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Gen Y to get burned in retirement?

Jennifer Kwan
L'arrivée dans le milieu de l'entreprise des jeunes salariés de moins de 30 ans influe sur la façon dont l'équilibre entre vie personnelle et professionnelle s'articule. Mais cela modifie également en profondeur les modes de management. Entretien avec Emmanuelle Duez, Présidente et cofondatrice de l'association Women'Up
L'arrivée dans le milieu de l'entreprise des jeunes salariés de moins de 30 ans influe sur la façon dont l'équilibre entre vie personnelle et professionnelle s'articule. Mais cela modifie également en profondeur les modes de management. Entretien avec Emmanuelle Duez, Présidente et cofondatrice de l'association Women'Up

With the RRSP deadline just days away, Canadian banks are ramping up their efforts to persuade people any time is a good time to save.

Most of the literature focuses on Canadians' struggle to sock away a little money. In a seven-page report published this week, CIBC highlighted the troubling outlook for Gen Y, and suggested this group's retirement standard of living could be 20 per cent lower or more as they leave the workforce.

That's largely because of a sharp decline in the rate at which people are saving, not-so-great investment returns and less attractive company pension plans, write CIBC economists Benjamin Tal and Avery Shenfeld.

Part of the solution is to put away as much as you can, however you can. Another way to combat the savings squeeze is government action.

This week, Gerry McCaughey, the bank's chief executive officer, said in speech that people should be able to make additional, voluntary contributions to the Canada Pension Plan beyond what is automatically taken off pay cheques.

Citing the report from the bank's economists, McCaughey flagged the troubling fact that 5.8 million Canadians are on track to be negatively impacted the most.

"And, here is perhaps the most alarming takeaway: when we look at those 5.8 million people - we see that most of them are young," he said.

People born during the Second World War are most likely to have the same standard of living, and Baby Boomers are only slightly impacted. But their children are far less well positioned, the report notes.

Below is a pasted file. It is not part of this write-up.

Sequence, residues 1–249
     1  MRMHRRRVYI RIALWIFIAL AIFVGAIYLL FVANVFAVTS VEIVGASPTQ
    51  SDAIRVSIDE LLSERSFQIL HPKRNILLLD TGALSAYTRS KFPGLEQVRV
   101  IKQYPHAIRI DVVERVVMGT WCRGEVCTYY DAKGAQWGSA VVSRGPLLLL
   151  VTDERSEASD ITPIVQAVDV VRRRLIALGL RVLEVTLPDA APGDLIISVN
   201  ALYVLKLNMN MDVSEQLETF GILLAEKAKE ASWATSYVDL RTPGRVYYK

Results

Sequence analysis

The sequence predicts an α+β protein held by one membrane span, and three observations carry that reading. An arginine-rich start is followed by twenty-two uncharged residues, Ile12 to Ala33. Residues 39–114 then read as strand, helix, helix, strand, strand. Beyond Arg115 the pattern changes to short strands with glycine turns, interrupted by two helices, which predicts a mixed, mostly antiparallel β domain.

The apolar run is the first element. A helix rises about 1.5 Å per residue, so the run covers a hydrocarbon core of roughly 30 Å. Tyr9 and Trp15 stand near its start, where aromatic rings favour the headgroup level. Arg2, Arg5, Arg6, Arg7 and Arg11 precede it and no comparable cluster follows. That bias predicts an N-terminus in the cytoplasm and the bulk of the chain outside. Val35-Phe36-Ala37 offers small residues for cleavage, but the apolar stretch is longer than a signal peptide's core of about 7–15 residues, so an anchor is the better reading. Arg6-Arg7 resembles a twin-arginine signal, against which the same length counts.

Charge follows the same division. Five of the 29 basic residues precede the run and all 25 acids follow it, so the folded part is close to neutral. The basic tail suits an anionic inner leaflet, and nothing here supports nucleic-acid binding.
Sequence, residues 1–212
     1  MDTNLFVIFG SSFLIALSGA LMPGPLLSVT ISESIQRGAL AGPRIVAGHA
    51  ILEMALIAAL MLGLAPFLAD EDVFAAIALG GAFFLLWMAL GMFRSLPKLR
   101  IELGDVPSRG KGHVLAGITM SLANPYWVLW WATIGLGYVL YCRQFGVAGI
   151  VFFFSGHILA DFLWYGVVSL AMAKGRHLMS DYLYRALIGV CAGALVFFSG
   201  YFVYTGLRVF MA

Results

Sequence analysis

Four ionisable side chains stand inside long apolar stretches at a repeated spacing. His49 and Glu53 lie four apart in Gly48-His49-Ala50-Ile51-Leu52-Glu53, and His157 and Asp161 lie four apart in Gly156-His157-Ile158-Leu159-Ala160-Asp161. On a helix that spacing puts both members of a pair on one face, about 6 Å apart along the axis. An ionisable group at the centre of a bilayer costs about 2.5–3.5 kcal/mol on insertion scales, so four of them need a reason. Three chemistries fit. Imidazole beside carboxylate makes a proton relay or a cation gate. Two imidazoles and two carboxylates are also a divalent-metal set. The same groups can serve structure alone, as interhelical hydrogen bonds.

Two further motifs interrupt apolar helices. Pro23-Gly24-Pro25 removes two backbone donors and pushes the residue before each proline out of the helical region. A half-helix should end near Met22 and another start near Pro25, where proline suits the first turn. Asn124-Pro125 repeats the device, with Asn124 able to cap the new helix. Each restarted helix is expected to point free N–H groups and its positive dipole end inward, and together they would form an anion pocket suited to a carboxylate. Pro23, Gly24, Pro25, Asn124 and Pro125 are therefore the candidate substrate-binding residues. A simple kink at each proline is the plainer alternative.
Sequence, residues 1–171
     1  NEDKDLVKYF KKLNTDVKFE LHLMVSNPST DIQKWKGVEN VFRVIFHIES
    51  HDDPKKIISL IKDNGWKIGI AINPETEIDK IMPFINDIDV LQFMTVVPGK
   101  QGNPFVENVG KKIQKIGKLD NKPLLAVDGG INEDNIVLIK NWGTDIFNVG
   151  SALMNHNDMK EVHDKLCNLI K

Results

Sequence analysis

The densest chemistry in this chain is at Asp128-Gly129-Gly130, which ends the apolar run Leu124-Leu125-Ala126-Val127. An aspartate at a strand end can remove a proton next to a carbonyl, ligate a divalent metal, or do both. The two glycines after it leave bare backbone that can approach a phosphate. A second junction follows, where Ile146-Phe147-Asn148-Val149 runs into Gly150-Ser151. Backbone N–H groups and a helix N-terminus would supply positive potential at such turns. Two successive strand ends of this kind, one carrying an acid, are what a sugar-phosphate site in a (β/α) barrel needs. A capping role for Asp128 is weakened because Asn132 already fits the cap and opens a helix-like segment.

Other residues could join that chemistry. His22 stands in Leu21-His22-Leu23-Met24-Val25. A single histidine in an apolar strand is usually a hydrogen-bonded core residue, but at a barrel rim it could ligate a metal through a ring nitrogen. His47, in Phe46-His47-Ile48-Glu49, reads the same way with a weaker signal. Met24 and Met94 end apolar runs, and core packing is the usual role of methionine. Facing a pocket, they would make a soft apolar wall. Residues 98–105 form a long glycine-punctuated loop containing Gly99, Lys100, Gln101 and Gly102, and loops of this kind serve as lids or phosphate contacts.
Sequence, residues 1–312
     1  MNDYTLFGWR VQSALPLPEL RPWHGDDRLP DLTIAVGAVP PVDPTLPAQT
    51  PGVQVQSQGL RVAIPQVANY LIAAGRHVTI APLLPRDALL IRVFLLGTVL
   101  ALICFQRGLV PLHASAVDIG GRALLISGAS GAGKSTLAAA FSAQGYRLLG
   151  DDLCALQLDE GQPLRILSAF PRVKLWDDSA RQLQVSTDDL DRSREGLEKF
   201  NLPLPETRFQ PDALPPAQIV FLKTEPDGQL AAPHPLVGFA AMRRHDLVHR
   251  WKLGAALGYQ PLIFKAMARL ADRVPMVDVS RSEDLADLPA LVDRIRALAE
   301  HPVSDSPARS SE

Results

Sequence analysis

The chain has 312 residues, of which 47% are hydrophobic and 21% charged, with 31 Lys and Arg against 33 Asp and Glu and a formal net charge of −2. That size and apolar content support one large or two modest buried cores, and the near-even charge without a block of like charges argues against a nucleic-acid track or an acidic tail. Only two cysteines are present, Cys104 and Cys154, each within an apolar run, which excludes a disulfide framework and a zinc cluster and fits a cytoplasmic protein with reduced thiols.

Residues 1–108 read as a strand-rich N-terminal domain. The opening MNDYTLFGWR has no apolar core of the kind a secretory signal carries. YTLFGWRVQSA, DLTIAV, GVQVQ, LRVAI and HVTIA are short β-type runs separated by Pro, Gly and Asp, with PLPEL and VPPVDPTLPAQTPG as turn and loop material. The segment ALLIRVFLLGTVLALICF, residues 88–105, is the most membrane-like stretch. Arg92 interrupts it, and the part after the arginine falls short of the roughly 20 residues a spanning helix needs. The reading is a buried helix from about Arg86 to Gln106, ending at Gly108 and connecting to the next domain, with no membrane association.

The bottom line is the retirement gap "wasn’t just good fortune, ”the economists said, noting savings behavior looks to have "fallen off a cliff" with the savings rate dropping to as low as 4 per cent from 15 to 20 per cent a few decades ago.

“Savings rates were substantially higher, private pension plans were more comprehensive and the public system, through CPP, GIS and OAS filled in the remaining gaps."

The way forward

While people born in 1970s and 1980s are predicted to be hit hardest, the economists stress nothing is set in stone and there's time to set a sea change.

Better late than never, says TD Bank, which in a poll released this week showed that 60 per cent of Canadians who intend to contribute to an RRSP will do so over the next two weeks.

But there's really no reason to wait until the last minute, says Kim Parlee, vice president at TD Wealth Management, who cited several misconceptions about RRSP savings.

On not having money to save, Parlee cited Statistics Canada research that showed in 2011, the median amount Canadians contributed to an RRSP was $2,830.

"If you break that down, it's only slightly more than $50 a week," said Parlee. "That's not a lot week-to-week, but it does add up over the long-term." Contributing throughout the year can also mean reaping the small rewards of compound interest, she added.

Jason Round, head of financial planning support at RBC Financial Planning, also highlighted five barriers to "getting in the game" early in a published poll. One major myth is that people believe it's easier to catch up on RRSP savings when you are older and more established.

"While you may be more established when older, you may also have more financial responsibility" such as mortgages and children, he said.

"Contributing early and regularly allows you to apply a ‘pay yourself first’ approach to managing your finances and the added benefit of compounding."